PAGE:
Monday, January 13, 2014

Sponge Candy!

Ooh, this was a fun one to make. Sponge candy (also known as honeycomb, seafoam, cinder toffee, among other things) is weird. I'm still amazed by what sugar can do simply by heating it to different temperatures. The difference sponge candy has is baking soda. Some recipes use vinegar to create a bubbly reaction. In this particular version, just the thermal decomposition of the baking soda causes the release of carbon dioxide, which causes the bubbles. Same idea. 

I don't remember the first time I had sponge candy, but I definitely fell for it in Ireland. Crunchie bars are probably my favorite candy bar, and I'm super sad they aren't a thing in the US. It's probably for the better...I might not have teeth if they were. I am in love with this candy, everything about it. I love the golden color and thousands of holes dotting its surface. I love the delicate tinkling sound of pieces hitting against each other. I love the texture, crunchy but easily yielding to the teeth, then dissolving to nothing. 

Scary Cave. Why did this happen?

I tried making a recipe over Christmas Break, and it was HORRIBLE. It called for actual honey and it smelled so, so bad. Like a barn. And it tasted awful, and I was so sad. I did some more research and found this recipe from Wilde in the Kitchen, who seems to have done some serious sponge candy research. Mine turned out...okay? The outside bits are very good, especially dipped in chocolate. But the whole inside was this...scary cave. Trypophobes, beware! I just scraped all the yucky stuff out and was left with some lovely candy. If anyone has perfected a recipe, let me know! 

Sponge Candy
from Wilde in the Kitchen

¼ tsp gelatin
1 tsp water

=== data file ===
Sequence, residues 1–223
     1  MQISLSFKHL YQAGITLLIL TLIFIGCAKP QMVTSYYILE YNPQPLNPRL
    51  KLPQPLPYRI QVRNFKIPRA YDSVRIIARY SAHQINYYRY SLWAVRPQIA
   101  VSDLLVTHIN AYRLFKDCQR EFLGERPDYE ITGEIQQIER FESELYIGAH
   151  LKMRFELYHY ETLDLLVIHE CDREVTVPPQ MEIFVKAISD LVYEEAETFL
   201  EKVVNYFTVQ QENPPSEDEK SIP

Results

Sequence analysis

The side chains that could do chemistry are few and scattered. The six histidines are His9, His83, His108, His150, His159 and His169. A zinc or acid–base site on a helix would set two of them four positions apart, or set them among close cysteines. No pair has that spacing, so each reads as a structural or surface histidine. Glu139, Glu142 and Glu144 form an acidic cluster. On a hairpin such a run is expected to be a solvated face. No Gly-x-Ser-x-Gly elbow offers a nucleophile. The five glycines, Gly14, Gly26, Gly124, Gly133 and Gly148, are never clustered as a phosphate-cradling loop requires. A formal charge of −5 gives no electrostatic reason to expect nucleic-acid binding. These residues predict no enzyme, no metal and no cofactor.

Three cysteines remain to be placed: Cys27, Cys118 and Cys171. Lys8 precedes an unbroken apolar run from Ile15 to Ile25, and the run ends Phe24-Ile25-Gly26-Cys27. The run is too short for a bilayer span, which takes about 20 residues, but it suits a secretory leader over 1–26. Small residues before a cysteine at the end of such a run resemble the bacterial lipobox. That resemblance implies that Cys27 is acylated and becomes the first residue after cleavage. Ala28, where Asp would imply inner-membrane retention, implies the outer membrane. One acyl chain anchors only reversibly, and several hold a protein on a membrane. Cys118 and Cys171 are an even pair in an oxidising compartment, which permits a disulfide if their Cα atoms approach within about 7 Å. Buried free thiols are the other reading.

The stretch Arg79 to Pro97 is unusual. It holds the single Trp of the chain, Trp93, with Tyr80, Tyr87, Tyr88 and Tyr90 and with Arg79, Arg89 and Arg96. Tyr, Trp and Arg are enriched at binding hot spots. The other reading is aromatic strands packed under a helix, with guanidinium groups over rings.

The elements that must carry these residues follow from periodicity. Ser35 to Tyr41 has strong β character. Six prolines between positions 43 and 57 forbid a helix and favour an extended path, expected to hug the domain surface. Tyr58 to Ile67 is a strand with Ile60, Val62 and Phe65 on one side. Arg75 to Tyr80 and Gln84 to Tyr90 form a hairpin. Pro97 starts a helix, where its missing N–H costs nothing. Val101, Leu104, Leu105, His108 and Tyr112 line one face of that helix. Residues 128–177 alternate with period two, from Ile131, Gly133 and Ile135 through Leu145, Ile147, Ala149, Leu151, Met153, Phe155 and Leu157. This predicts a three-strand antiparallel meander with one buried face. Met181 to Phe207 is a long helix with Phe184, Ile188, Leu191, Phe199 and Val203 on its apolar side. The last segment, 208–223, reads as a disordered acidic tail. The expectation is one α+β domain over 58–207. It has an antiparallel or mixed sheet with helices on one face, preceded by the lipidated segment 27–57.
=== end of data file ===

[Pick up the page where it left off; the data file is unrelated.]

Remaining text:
1 ½ cups sugar
½ cups light corn syrup
½ cup water
1 tbsp baking soda (sifted)

Butter a 9x9 pan then dust with flour. Tap out excess flour.

In a small bowl, sprinkle gelatin over 1 tsp water and allow to bloom.

In a medium stock pot with high sides, mix sugar, corn syrup and 1/2 cup water together. Heat over medium heat and stir until sugar dissolves and mixture comes to a boil. Wash down any sugar crystals from the sides with a wet pastry brush. Clip on candy thermometer and heat to 310° F.  Do not stir after you have clipped the thermometer on, the sugar will self stir.

Remove from heat and let sit for two minutes, bubbling should subside. Add gelatin and whisk, be careful, the sugar syrup will bubble up. Sprinkle baking soda over syrup and whisk vigorously. Return mixture to the heat and whisk for 30 seconds. The sugar will rise up in the pot, a lot!

Quickly pour into prepared pan, it should come out in a big blob. Do not spread the mixture, just let it settle into the pan. Allow to cool completely (about 2 hours or overnight) before removing from the pan.

Either break into odd pieces or cut into squares (this is a messy process!). To cut into squares - using a serrated knife, score the candy at 1-inch intervals. Snap the candy apart at the score lines. Then score and break into squares.

If you please, melt chocolate melts in a double boiler (or bowl sitting above a pot of boiling water). Dip sponge candies in chocolate, tap off excess. Chill in the fridge to set the chocolate shell. Enjoy!


  1. Good for you for sticking with it! I am a big believer that taste is the number one priority! Who cares if there area few caves?

  2. Thanks! I feel the same way. If it looks beautiful but tastes bad, what's the point? Though, it's always nice when you can achieve a balance of pleasing aesthetics and flavor :)

  3. Just came across your blog through Daring Bakers today. This recipe caught my eye. I love this kind of candy. Can't wait to try it!


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